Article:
On May 11th and 12th, Venice, the enchanting city known for its canals and gondolas, will pay homage to its illustrious past with its very own Festa della Sensa.
The oldest festival in Venice, this celebration is a spectacular, unforgettable event, not to be missed. Imagine if you will, the city alive with ancient rituals, song and festivities while in the waters, Venetians, dressed in traditional costumes, are setting sail in their colorful gondolas and boats, using their ancient techniques of Voga alla Veneta. Though the festival itself is indeed a joyous one, full of light and fun, its history, however, remains quite significant and far from trivial.
The roots of La Festa della Sensa are both historical and religious. The name itself, Sensa, means Ascension in Venetian Dialect, signifying Jesus’ ascent to heaven. The first festival dates back to the year 1000. On Ascension day, the Doge Pietro Orseolo (the highest elected official) led a Venetian fleet to fend off encroaching Slavic pirates. Orseolo’s strategic efforts paid off, as he led Venice to a huge victory, one of enormous magnitude. Not only did the Venetian leader establish his city as a major naval force, but it also ended an age-old conflict between the Venetians and Slavs.
Paying homage to the lives lost in the battle and to the sea, the Doge celebrated his victory in a simple manner by sailing to the San Pietro di Castello Church on a barge called the Bucintoro. He then blessed the water by tossing a gold ring into the sea. Later this act would be referred to as the Marriage of the Sea (Sposalizio del mare) where the water would act as the bride. This first ceremony was without much fanfare. One of the highlights, for example, was when local clergy passed out wine, chestnuts, bread, and beans. The festival quietly disappeared, that is until another significant historical event occurred years later.
In 1177, Venice once again partook in the Marriage of the Sea when a long standing conflict between state and church finally came to a close. Before then, the tension between the Pope and Emperor was intense. When Emperor Frederick Barbarossa conquered and occupied Rome, Pope Alexander III fled to Venice and hid in anonymity, working in the kitchens of the Convento della Carità. When it became known of his whereabouts, the leader of Venice, Sebastiano Ziani, encouraged the Emperor to make peace with the church. Ziani’s efforts, however, failed and it was not until Ziani took action that the situation changed. Sailing out of Piazza San Marco with an armed fleet, Ziani attacked the unsuspecting imperial ships.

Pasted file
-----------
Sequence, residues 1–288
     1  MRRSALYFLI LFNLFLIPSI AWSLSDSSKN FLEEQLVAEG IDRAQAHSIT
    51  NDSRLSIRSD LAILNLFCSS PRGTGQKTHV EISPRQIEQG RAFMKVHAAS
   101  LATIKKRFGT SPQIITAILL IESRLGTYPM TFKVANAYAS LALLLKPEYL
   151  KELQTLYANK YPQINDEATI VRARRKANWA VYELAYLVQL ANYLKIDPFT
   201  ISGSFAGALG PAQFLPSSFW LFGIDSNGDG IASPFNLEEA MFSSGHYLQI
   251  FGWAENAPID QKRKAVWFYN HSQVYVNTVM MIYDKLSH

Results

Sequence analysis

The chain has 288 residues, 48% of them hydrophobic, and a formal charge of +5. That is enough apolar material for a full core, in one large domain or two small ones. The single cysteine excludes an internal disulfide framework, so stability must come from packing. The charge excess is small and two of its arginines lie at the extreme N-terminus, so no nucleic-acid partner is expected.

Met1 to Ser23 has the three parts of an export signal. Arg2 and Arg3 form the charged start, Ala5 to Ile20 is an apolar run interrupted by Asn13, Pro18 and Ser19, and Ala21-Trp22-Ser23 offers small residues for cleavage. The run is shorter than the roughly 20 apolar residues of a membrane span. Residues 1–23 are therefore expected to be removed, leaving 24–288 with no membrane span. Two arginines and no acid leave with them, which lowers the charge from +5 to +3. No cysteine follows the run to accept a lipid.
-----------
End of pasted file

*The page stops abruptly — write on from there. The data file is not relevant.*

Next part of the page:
When the troops captured the Emperor’s son, Ziani was able to pressure the Emperor to engage in peace talks. The tactic worked. After a peace treaty was signed, the Pope gave Ziani a gold ring and stated, “In segno di eterno dominio, noi, Doge di Venezia, ti sposiamo o mare.” (As a symbol of our eternal dominion, we wed you, oh sea!)
Just as Orseolo did many years before, Ziani celebrated his victory with a procession, but this time the celebration was more elaborate. After the Doge dropped a gold ring into the water, the church of San Nicolò of the Lido had mass in the morning, while races took place in the afternoon.
Shortly after this historical event, once again, with the passing of the years, the Marriage of the Sea was all but forgotten. It was not until 1965 that the festival was brought back to life thanks to the efforts of a Venetian committee.
Today, la Festa della Sensa is in full glory and with much more fanfare, bringing tourists from all over the world to celebrate in its splendor. Right around the time of Ascension Day, the festival kicks off the morning with a magnificent procession where Venice’s colorful boats sail from San Marco to the Lido. Other events include the ceremony of the Marriage of the Sea, the embarking of the Serenissima which carries the mayor and the patriarch, and the Sensa Market.
Steeped in tradition and beloved by both Italians and foreigners, La Festa Della Sensa is a celebration that will surely continue and grow. Soon, those who are fortunate enough to attend, will have the opportunity to pay homage to this great city while remembering those who have once sailed and fought battles in the surrounding seas.